"We have to talk about it on both sides, with Singaporeans to understand why it is necessary (to have foreigners here) and how we are adapting our policies to minimise the impacts and the side-effects.

"But with the foreigners too - what are the rules when you come here, when you live here, you are living in Singapore, you have to comply with Singapore, fit in with Singapore norms and customs, and not the norms and customs of your own country.

It takes a while. There will be some people who will behave badly on both sides. Some Singaporeans rant away. Some foreigners occasionally rant away.

There was one person this last couple of weeks working in Tan Tock Seng, who has been fired (for inappropriate remarks about Singaporeans). But we should not let these bad behaviours affect the overall relationship.

Amongst ourselves, we know the limits and between different religions, between different races, everybody knows there is good behaviour, what is good behaviour, what is unacceptable behaviour.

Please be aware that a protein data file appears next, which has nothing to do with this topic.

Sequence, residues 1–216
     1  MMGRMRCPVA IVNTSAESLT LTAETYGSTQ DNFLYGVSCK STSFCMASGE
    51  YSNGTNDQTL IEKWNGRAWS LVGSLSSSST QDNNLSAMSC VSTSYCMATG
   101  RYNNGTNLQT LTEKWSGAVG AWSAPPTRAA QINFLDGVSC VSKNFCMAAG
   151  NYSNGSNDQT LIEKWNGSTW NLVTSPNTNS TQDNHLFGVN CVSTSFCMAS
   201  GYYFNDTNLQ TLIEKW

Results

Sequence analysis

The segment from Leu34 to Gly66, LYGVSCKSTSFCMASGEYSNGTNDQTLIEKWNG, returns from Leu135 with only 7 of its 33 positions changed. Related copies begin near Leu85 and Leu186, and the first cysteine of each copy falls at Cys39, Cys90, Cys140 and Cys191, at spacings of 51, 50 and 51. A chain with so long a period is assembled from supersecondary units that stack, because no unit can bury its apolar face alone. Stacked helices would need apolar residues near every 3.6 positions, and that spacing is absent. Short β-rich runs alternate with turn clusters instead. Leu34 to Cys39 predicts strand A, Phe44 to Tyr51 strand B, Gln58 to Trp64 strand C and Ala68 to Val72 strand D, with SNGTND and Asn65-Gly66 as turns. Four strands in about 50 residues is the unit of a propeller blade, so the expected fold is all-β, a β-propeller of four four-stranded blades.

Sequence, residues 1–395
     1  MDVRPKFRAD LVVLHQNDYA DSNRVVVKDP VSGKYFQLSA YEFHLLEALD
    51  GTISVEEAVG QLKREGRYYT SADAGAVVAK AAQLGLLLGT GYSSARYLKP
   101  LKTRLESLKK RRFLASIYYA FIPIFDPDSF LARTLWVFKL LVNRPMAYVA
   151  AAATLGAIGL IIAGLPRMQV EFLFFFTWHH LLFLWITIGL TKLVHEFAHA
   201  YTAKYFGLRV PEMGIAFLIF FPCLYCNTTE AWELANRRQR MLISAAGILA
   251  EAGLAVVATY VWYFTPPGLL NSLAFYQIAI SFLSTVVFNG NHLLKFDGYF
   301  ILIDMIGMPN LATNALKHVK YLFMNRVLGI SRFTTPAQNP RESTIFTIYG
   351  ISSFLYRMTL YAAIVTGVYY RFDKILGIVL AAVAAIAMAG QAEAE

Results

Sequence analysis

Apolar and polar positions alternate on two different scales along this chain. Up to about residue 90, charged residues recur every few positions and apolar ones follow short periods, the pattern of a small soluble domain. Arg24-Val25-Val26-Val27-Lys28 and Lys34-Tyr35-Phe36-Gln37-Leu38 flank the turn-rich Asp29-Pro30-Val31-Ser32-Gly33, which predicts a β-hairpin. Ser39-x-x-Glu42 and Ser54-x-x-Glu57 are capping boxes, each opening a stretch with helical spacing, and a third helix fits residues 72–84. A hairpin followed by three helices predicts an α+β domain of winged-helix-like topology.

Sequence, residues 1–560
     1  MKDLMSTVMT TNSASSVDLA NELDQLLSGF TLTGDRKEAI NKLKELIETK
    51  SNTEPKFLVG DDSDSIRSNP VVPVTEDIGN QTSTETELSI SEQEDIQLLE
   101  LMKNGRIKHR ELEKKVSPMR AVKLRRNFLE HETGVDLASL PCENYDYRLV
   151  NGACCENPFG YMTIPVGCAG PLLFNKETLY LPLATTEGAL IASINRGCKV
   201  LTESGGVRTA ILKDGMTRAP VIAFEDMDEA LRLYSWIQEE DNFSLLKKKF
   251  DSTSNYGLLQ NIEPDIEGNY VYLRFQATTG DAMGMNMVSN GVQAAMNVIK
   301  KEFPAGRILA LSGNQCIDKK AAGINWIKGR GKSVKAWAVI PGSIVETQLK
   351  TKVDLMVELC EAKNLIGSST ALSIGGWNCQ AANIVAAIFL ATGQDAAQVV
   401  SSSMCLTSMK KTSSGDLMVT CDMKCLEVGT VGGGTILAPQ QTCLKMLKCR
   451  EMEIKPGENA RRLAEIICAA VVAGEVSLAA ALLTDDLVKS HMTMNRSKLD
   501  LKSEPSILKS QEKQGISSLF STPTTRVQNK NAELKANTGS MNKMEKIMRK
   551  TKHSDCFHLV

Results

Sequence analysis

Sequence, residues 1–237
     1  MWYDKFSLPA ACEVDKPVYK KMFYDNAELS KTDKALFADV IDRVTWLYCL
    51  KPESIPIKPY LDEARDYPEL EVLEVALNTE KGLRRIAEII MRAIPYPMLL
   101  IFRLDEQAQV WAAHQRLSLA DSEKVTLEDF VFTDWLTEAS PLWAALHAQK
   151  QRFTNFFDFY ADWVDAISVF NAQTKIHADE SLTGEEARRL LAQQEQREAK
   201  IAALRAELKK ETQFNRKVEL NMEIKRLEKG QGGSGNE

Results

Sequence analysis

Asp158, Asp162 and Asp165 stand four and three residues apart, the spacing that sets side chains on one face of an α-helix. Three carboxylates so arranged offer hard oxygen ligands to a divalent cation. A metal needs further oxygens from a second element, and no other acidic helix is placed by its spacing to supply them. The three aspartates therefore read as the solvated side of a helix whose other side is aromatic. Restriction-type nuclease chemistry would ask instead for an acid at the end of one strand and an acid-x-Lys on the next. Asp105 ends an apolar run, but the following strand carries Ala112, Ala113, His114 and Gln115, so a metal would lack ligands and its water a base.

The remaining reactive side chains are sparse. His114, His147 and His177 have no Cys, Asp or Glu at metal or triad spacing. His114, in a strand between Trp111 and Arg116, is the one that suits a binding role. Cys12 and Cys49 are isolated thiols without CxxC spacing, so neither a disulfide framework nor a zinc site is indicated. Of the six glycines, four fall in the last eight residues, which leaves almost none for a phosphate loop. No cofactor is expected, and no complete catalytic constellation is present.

I think we need to develop those norms also between the Singaporeans who are native born, who have been here a long time and those who are not so long here and those who are visiting or working here but not Singaporeans."

On Singaporeans looking to the Government to solve all their problems:

"We have to take a somewhat detached view of issues so that when issues come up, our first instinct is not (to have the) Government do something about it.

Whether it is a problem with rats in the neighbourhood, whether it is a problem with feeding of birds and therefore other vermin turn up, whether it is a problem with neighbours upstairs, downstairs, the Government should be the last recourse, and should not be the first recourse.

Residents' Committees (RC) and the Neighbourhood Committees (NC) of course do a lot of work.